A soldering iron is a tool with a metal tip that gets really hot. We’re talking like 350 -400 degrees Celsius , Its job is to transfer heat to solder wire , transistor leads other components legs and copper pads on PCBs ,to join them.
There are many ways to make good solder connections. For the beginner, it’s hard to do, I’m going to explain how I do it.So Let’s get started!
Soldering iron stand
Before plug it in Place the soldering iron in its stand
2. Wait for the soldering iron to heat up
The time depends on the wattage and the type of iron.
You use a damp (not dripping) sponge to wipe the tip of your
soldering iron clean before soldering each component.
Hold the iron in your dominant hand and a long piece of solder in your other hand. When soldering two components together, you want to touch the area where they join with the soldering iron. Hold it there for about a second, then slide the solder underneath the tip of the iron, sandwiching it to the PCB (refer to above image, cursor points to solder). Hold it for another second or two, feeding in how much solder you need. This amount will vary depending on the project, application, and diameter of the solder, so check your instructions and study the pictures to get a good idea of the end result.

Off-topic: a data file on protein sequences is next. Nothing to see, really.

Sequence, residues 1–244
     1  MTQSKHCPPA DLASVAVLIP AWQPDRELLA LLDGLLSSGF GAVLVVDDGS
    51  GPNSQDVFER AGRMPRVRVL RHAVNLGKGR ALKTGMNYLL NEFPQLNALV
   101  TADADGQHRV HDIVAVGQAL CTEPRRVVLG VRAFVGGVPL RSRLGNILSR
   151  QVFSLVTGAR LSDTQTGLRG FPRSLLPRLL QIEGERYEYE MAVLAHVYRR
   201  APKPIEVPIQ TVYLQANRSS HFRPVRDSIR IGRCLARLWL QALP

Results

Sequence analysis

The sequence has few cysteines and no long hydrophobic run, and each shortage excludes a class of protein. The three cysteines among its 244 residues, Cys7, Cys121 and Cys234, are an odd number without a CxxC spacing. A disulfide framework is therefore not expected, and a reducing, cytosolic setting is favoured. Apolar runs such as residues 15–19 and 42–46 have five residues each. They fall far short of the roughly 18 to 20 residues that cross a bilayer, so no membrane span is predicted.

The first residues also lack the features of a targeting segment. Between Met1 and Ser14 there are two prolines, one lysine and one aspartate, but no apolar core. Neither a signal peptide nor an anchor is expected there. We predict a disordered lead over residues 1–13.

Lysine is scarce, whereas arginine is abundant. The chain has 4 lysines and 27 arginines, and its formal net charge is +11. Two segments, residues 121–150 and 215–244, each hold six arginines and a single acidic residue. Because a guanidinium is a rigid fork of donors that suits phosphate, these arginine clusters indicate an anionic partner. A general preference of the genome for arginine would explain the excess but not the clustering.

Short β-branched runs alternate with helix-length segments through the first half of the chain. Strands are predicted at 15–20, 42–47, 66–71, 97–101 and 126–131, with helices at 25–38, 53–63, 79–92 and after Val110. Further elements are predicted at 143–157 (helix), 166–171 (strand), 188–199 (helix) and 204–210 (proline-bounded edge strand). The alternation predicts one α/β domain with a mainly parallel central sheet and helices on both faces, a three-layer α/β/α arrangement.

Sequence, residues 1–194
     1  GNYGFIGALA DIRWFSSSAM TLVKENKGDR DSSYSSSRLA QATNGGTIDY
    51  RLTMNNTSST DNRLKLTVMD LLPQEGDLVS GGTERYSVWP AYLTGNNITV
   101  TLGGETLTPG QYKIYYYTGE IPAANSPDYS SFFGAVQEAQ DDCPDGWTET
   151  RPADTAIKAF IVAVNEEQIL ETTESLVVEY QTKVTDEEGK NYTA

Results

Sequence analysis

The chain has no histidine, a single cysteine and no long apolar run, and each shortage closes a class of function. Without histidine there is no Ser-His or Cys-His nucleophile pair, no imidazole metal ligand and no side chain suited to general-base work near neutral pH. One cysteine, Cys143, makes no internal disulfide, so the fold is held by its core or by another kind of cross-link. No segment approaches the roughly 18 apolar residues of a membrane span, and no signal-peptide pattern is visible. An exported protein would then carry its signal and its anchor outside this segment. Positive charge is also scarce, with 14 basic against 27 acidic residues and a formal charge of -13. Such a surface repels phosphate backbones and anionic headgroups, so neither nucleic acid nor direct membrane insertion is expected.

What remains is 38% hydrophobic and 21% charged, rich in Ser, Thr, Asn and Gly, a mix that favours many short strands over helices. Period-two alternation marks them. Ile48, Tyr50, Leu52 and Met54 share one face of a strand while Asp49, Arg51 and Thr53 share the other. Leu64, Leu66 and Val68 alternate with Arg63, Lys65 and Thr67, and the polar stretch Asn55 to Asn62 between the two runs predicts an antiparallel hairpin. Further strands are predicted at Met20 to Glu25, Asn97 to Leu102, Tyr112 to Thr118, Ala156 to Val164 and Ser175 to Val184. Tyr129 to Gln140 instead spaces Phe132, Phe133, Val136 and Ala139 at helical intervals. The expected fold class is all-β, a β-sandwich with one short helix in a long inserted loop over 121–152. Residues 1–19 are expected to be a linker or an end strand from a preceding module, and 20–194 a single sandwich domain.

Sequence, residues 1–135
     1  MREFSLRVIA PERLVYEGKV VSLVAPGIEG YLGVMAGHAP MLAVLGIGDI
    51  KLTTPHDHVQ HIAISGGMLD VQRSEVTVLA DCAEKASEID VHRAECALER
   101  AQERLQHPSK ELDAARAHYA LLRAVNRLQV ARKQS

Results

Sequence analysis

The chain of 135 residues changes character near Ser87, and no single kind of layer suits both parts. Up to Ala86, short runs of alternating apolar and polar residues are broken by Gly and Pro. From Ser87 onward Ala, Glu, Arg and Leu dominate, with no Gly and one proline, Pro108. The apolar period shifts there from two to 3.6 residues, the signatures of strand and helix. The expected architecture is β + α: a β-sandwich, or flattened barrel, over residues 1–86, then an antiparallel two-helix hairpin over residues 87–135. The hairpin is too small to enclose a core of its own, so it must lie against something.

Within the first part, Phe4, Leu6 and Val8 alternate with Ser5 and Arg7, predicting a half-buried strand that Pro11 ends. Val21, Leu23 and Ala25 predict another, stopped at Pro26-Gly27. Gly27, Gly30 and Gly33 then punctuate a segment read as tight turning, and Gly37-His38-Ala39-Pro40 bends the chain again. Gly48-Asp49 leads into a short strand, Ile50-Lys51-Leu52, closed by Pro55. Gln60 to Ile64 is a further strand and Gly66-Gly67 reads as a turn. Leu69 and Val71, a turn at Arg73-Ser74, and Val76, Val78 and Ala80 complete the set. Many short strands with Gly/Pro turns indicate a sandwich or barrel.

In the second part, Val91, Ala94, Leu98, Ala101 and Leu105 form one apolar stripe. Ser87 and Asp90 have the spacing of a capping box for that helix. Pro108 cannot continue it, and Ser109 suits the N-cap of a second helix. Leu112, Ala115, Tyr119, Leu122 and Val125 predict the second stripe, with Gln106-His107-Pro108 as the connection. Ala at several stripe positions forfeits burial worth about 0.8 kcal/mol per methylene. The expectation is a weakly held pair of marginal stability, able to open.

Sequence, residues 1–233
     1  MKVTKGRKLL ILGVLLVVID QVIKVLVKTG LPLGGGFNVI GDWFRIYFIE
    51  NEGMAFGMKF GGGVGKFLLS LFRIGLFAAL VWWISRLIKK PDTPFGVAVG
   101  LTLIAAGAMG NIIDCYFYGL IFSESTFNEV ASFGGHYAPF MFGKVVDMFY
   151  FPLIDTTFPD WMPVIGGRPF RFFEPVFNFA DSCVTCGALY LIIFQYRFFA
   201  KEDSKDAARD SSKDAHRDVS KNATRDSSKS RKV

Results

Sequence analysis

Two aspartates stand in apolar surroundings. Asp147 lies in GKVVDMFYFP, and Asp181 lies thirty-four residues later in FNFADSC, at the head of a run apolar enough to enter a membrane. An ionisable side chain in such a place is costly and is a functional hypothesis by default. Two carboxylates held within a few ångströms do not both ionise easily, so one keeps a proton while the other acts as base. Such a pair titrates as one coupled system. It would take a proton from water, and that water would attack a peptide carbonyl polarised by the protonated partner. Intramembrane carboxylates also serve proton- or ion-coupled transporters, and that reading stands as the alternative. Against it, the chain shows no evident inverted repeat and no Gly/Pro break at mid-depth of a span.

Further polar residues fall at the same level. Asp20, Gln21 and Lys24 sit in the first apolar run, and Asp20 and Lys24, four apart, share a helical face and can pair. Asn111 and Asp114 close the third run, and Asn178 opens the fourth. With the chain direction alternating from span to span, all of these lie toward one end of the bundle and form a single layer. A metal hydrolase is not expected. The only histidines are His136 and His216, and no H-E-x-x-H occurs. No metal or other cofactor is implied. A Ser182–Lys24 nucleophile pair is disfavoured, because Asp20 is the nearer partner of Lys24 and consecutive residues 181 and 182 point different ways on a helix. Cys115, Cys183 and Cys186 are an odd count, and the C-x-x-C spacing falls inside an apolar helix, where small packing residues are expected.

5. Tip cleaner
If you don’t keep the iron’s tip clean, it might actually repel solder — making it bead up and staying away from where you want it to go. When the tip is too grungy to be cleaned by simply wiping it on the damp sponge, use a tip cleaner paste to chemically clean it
6. Solder wick:
Sometimes you have to desolder a bad joint and then resolder it. To help remove the bad solder, you can use a solder wick, which is
a flat, braided piece of copper that soaks up solder.
There are fancy clamps you can buy called third-hand clamps to hold components while you solder them. Personally, we just use a vice and an alligator clip; they do just fine!
- A soldering iron can heat to around 400°C, which can burn you or start a fire, so use it carefully.
- Unplug the iron when it is not in use.
- Solder contains lead, which is a poisonous metal. Wash your hands after using solder.